ZURICH (Reuters) - Swiss voters rejected a right-wing proposal to deport foreign law-breakers in a referendum on Sunday, handing a defeat to the country’s dominant anti-immigration Swiss People’s Party (SVP).
The plan to expel foreign residents guilty of anything from murder to speeding was proposed by the SVP, the country’s largest political movement with around a third of the seats in Switzerland’s lower house of parliament.
But it faced opposition from activists and business leaders who said it would violate human rights and complicate relations with Switzerland’s main trade partner, the European Union, already angered by a 2014 vote that backed quotas on EU workers.
The final tally showed 58.9 percent of voters opposed the automatic deportations. Turnout was more than 62 percent, the highest for a referendum in Switzerland since 1992, said Claude Longchamp of the gfs.bern research and polling institute.
The SVP, which has built up support on a wave of anti-foreigner feeling, collected the 100,000 signatures needed to start the referendum under Switzerland’s system of direct democracy.
Under the plans, foreigners would have been deported after completing sentences for serious crimes like murder, rape and armed robbery, or for two lesser offences committed within a 10-year span such as speeding or burglary.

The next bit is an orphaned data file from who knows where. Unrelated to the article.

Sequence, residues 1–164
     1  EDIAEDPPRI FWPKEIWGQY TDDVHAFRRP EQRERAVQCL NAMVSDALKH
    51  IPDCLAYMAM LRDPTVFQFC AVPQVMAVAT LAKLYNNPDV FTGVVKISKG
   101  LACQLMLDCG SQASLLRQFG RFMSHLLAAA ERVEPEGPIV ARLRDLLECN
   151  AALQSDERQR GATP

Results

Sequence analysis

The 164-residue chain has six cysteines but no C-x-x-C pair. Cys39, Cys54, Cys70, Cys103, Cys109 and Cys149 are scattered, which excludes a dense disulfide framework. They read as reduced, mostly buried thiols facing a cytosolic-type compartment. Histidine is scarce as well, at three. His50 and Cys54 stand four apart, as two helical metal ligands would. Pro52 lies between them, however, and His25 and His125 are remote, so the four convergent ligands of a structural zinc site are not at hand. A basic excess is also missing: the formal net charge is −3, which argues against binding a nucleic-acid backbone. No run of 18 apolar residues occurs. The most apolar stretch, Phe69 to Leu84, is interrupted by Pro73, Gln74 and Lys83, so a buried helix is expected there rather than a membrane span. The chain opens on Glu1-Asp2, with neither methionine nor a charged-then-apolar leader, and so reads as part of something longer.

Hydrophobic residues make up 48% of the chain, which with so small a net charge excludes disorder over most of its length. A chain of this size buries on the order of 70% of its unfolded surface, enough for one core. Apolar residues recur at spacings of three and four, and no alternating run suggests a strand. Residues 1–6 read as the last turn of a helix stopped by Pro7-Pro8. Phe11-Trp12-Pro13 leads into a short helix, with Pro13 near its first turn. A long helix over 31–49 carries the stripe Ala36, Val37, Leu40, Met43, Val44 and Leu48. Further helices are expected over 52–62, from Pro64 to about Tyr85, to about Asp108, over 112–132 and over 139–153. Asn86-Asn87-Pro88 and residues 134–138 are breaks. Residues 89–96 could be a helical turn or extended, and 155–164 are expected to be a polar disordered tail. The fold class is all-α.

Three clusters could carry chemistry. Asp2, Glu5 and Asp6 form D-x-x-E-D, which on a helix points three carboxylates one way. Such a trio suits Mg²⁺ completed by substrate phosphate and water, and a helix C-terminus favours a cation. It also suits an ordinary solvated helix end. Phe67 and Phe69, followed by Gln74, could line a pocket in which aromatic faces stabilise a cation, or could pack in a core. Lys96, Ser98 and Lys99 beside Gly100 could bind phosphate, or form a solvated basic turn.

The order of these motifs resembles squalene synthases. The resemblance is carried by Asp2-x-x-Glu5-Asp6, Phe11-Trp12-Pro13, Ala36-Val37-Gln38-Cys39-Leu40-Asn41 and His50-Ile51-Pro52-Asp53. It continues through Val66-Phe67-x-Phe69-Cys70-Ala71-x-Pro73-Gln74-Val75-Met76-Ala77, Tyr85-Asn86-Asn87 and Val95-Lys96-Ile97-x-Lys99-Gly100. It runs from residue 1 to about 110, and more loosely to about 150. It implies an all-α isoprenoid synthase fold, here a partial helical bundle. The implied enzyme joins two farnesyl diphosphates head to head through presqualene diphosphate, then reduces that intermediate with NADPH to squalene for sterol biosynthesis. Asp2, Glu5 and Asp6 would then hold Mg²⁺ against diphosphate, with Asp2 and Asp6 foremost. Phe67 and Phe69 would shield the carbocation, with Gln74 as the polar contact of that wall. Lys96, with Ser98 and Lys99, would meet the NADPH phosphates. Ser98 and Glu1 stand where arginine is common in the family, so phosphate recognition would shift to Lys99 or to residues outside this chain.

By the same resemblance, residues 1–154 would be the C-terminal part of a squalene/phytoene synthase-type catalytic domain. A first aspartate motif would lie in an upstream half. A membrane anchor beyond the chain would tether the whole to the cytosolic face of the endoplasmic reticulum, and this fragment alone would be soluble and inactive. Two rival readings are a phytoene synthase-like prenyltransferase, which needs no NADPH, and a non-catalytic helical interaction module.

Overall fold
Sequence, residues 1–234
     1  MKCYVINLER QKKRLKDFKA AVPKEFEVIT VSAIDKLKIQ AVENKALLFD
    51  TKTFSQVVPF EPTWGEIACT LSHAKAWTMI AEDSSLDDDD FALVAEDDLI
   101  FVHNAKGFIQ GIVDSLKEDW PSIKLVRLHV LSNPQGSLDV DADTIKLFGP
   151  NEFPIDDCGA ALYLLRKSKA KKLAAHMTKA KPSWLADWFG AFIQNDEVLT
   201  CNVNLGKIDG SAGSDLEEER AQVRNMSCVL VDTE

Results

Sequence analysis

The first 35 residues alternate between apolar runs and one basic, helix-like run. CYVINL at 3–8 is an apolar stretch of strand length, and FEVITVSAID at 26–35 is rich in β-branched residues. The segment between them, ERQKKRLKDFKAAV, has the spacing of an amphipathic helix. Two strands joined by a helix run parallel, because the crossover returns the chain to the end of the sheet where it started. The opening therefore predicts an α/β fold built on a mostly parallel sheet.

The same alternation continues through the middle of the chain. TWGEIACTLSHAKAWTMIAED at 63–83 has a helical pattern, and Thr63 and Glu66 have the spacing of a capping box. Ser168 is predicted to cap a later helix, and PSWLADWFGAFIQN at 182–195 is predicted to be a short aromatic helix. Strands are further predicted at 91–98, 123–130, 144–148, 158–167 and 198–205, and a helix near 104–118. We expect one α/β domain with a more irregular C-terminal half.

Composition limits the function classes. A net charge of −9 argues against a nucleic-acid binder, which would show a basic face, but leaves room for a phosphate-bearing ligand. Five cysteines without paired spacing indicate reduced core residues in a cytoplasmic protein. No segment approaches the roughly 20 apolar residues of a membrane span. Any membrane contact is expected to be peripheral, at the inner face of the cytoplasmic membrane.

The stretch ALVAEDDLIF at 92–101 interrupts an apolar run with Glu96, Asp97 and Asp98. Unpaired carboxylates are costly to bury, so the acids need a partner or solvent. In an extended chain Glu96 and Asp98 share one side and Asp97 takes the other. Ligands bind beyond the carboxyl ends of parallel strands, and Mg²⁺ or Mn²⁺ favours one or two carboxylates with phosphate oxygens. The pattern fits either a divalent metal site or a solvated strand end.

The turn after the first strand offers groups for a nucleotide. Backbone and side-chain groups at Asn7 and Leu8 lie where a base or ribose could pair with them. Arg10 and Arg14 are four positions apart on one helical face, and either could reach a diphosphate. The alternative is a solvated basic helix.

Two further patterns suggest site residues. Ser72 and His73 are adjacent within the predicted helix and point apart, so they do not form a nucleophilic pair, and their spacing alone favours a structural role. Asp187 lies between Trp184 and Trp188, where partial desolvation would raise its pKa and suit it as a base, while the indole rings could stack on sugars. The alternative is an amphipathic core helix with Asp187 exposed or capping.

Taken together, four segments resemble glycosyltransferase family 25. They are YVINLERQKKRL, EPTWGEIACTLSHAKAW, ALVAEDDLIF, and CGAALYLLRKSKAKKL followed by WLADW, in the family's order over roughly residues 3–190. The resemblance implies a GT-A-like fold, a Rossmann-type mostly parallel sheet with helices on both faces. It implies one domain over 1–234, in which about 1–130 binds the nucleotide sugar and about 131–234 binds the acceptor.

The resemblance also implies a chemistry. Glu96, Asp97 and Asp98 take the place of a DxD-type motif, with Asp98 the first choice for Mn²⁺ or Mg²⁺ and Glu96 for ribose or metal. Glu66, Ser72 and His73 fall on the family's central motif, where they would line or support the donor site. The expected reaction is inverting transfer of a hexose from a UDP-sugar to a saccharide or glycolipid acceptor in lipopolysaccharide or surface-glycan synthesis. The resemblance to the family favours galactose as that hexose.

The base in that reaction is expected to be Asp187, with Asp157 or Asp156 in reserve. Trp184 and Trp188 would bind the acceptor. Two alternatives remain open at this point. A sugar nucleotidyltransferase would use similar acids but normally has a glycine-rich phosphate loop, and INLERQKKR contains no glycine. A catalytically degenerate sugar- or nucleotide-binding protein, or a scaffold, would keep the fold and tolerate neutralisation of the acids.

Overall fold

Particularly unpalatable to opponents was the proposal to impose the automatic expulsion of “Secondos”, as the Swiss refer to Swiss-born but non-citizen children of immigrants.
“Today the majority of voters delivered an affirmation to the foreigners in our country and most notably to the Secondos,” Justice Minister Simonetta Sommaruga told a news conference.
The SVP campaigned for the motion with posters showing a white sheep kicking a black sheep out of Switzerland.
Activists countered by putting up posters depicting the cross on the Swiss flag as a swastika.
Opponents had argued that the move would violate the European Convention on Human Rights, which Switzerland has signed, particularly by exposing deportees’ families to financial hardship.
In one of three other referendums on Sunday, voters backed the construction of a second tunnel through the Gotthard mountain range, a main north-south transit route. They rejected a proposal to ban trading in agricultural derivatives.
In the day’s closest result, voters very narrowly rejected a proposal to abolish a tax disadvantage for married couples and civil partnerships.
Reporting by Joshua Franklin and Paul Arnold; Editing by Janet Lawrence and Ros Russell